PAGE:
I’m not one to seek out tour packages, but in 2004 I decided it was time to bite the bullet and see Cuba. I found an 8 day trip sponsored by the Jewish Community Center in suburban Chicago for $3000, not including airfare to Miami. I was the youngest in my group of 18 by a good 20 years, which was great fun. We visited the Jewish community in Havana, and brought them prescription drugs and other hard-to-come-by items like car batteries and shock absorbers. We toured the sites in Havana (cigar factories, Hotel Nacional, Old Havana, art museums, concerts, etc.) and spent an evening at an all-exclusive in Varadero.
At night back in Havana we were on our own. I hired a car and driver to take me to La Floridita to drink daiquiris one night and to Chinatown another. One evening when my group was together we met Ricardo Alarcon at a restaurant. He stopped by our table and joked with us about sneaking into Cuba. He didn’t know we were there legally, but also didn’t seem to care. He was a great guy. At that time, Americans could spend US dollars in Cuba, and buy 2 boxes of cigars and 2 bottles of rum. Upon entry, the customs officers wouldn’t stamp our passports unless we asked them to. They didn’t want to get us in trouble. I was on a legal trip, but even if I hadn’t been, I wanted that damn stamp. I had one for Vietnam ‘91 when the US didn’t have relations with that country. It was more difficult to clear customs back in Miami after we left Havana. The guards tried to make us feel like criminals for bringing back cigars and rum, even though it was legal. I’ve since recommended that trip to many. My parents went later that year, but by then the US dollar was banned.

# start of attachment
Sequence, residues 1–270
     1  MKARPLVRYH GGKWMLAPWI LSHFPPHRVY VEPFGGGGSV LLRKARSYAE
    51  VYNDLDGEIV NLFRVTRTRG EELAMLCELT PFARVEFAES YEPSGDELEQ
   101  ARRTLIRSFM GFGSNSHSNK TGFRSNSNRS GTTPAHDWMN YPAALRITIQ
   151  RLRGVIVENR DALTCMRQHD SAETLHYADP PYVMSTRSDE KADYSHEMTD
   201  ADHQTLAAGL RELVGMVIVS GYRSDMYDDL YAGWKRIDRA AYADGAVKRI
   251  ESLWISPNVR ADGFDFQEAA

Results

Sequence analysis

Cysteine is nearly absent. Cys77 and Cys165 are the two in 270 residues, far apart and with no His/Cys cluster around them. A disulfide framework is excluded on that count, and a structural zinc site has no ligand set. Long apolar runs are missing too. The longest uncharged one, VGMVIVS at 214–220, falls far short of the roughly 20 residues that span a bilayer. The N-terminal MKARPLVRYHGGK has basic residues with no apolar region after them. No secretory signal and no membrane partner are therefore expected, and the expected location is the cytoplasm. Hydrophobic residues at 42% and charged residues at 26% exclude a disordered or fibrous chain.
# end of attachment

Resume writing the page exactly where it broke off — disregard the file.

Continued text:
-Susan Blumberg-Kason, traveled in 2004.